Kawaii (Cute!) Mushroom Tutorial

More vegetables are popping up…

This was the result of a rainy weekend in Tokyo. What was I supposed to do, study Japanese? Bah!

Some folks expressed interest in making their own veggies, so I thought I’d share a short tutorial. This mushroom pattern is super easy and comes from this book, which is from the Heart Warming Life Series and translates to “Full of Cute Vegetables and Fruits.” As I mentioned in my earlier post, these felt fungi stitch up quickly and are really satisfying to make — they’re maybe even a bit addictive. Consider yourself warned!

Kawaii (Cute!) Mushroom Tutorial

Here we go!

Gather your materials. You’ll need white and dark brown felt, a pair of scissors, a needle, stuffing, and some matching thread. I use embroidery floss because it’s what I have handy, but any thread will work as long as it matches your felt.

Cut out your felt pieces. I like to make a paper pattern first, and then trace around the pattern onto the felt. From the white felt cut out two circle “tops” 35 mm in diameter (1 3/8″), and two “stems” approximately 25 mm (1″) in height. From the brown felt cut one circle 55 mm in diameter (2 1/8″).

Assemble the mushroom. Stitch the two white circles together, sewing 3/4 of the way around the perimeter. Fill your mushroom top with stuffing, and then stitch the circles closed. Repeat this process for the stem, leaving a little tail of excess thread. I recommend using a blanket stitch, because it leaves a nice edge, but use whatever stitch you’re comfortable with.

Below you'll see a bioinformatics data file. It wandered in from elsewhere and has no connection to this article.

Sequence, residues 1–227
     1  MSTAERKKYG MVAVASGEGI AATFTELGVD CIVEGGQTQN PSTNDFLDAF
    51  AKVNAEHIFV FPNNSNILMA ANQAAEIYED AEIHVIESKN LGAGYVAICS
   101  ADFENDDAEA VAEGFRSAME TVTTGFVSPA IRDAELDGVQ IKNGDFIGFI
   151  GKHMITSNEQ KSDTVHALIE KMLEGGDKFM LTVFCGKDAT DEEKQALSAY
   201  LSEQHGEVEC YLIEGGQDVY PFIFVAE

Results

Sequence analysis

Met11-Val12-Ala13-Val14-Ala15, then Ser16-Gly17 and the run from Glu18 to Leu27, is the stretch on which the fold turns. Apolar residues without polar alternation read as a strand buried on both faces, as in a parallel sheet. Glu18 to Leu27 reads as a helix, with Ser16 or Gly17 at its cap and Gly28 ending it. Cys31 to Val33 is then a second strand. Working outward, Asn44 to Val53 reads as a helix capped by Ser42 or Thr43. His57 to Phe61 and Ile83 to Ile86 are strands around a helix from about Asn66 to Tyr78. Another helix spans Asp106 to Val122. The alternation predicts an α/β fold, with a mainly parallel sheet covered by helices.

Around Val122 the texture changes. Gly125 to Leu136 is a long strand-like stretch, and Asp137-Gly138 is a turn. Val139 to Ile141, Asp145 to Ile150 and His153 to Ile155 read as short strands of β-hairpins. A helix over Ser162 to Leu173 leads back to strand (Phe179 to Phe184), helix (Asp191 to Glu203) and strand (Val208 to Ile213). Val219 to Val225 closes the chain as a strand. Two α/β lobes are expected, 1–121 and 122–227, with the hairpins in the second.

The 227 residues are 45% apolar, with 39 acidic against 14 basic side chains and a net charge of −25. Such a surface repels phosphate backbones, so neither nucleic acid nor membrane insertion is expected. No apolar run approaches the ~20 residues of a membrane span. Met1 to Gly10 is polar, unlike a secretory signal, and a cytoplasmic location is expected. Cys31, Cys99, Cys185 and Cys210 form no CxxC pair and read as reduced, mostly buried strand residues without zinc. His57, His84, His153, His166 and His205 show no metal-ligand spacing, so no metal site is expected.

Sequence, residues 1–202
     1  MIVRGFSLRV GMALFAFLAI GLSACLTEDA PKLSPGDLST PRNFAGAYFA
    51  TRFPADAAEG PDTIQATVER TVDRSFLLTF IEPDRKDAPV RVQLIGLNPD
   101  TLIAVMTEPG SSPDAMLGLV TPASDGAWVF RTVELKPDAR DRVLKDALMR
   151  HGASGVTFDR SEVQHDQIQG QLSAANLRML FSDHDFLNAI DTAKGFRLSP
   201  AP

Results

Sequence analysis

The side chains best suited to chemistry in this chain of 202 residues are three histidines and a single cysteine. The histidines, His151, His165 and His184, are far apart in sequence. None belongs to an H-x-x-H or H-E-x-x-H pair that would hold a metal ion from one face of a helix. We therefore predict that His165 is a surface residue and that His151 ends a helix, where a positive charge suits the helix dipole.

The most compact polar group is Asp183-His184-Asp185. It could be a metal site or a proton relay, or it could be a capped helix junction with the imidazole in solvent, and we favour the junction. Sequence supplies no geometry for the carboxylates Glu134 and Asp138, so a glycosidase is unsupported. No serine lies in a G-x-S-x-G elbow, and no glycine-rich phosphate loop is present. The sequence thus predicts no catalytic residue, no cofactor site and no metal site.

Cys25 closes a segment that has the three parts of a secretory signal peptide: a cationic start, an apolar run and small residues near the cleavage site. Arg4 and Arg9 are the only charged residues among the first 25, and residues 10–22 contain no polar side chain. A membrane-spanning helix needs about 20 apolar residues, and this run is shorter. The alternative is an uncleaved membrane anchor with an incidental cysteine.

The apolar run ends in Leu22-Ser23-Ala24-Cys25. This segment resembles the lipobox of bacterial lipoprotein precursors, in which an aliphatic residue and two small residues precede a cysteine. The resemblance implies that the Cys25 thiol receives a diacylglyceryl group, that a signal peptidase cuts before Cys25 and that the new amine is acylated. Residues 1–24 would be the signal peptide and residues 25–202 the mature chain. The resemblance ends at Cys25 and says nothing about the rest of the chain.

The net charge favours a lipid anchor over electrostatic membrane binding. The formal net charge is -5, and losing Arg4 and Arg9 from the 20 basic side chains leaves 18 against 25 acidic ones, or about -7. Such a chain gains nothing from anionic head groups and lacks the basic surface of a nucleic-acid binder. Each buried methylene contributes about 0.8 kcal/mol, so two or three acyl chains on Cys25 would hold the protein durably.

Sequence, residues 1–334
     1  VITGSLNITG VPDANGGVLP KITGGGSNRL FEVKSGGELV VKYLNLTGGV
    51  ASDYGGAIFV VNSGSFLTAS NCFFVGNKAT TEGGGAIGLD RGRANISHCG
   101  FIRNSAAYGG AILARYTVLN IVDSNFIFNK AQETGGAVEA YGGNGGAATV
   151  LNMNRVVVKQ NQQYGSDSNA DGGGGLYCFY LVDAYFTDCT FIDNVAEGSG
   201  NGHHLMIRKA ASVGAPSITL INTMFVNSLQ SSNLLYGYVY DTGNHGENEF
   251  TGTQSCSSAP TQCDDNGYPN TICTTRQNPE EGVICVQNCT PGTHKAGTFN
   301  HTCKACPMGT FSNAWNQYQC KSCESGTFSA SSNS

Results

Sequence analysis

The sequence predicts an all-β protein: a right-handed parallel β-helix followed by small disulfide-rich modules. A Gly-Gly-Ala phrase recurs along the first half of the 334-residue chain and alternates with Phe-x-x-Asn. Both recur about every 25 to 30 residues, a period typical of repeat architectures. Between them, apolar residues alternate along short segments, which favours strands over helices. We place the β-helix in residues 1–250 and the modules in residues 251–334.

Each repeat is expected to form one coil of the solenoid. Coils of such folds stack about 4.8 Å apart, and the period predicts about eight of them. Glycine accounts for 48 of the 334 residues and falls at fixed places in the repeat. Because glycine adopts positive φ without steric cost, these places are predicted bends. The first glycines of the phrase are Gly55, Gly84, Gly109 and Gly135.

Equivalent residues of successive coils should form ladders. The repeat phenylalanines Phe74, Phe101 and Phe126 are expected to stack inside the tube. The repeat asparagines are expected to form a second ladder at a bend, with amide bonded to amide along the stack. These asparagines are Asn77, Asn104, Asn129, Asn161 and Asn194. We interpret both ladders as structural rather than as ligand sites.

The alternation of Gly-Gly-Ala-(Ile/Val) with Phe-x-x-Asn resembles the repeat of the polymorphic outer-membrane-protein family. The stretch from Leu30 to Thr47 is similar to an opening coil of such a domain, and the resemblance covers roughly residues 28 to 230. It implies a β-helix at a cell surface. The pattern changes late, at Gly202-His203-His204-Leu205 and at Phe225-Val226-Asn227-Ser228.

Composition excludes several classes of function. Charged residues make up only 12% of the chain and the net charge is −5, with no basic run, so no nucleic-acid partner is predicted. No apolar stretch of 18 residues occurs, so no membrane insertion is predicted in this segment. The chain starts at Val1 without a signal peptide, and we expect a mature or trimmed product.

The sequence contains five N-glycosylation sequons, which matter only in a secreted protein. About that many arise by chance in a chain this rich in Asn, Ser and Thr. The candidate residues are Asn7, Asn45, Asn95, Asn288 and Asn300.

Next, attach the stem to the top using that extra bit of thread. Make little stitches around the open edge of the stem, securing it to the top until it is nice and stable.

Make the mushroom cap. Stitch along the outside edge of the brown circle using a running stitch.

Now the fun part — gently pull your thread tight , and your mushroom cap should slowly take form…

Slip the assembled mushroom inside the gathered brown felt, placing the mushroom cap on top of the assembled mushroom like a hat. Continue to tighten the brown thread until the mushroom cap hugs evenly around all sides of the mushroom top.

Tie a tight knot and hide the tail of your thread inside. Nice work! Now make a few more, and watch your own garden start to grow. (@⌒ー⌒@)

In the spirit of sharing and caring, please don’t use this pattern for profit, and give credit to the book’s author when credit is due (前田 智美). Thanks! 

Tokyo Craft Kits

New! in my Etsy shop, just in time for the holidays!  ☆*:.。. o(≧▽≦)o .。.:*☆

The Tokyo Craft Kit, $25

As I mentioned earlier, I have a slight crush on masking tape. It is inexpensive and colorful, and so it always finds its way into my shopping basket.

I’ve started carrying masking tape with me everywhere I go. And a notebook. And stickers, colored pens, a sewing kit, the occasional hair bow, and embroidery floss. It is important to be prepared when when inspiration strikes.

And so, the idea for a Tokyo Craft Kit was born. Each on-the-go DIY craft kit includes a handmade drawstring bag full of whimsical and fun craft goodies: stickers, notebook, 4-color pen, a self-inking stamp, a dainty bow pin, and 2 rolls of masking tape.

Check ’em out!

Anpan Panda

Because why not, right?

This is what happens when you enter a bakery in a post-study, pre-lunch haze.  Though, I did manage to pass on the corn and hot dog pizza.  Another day, perhaps.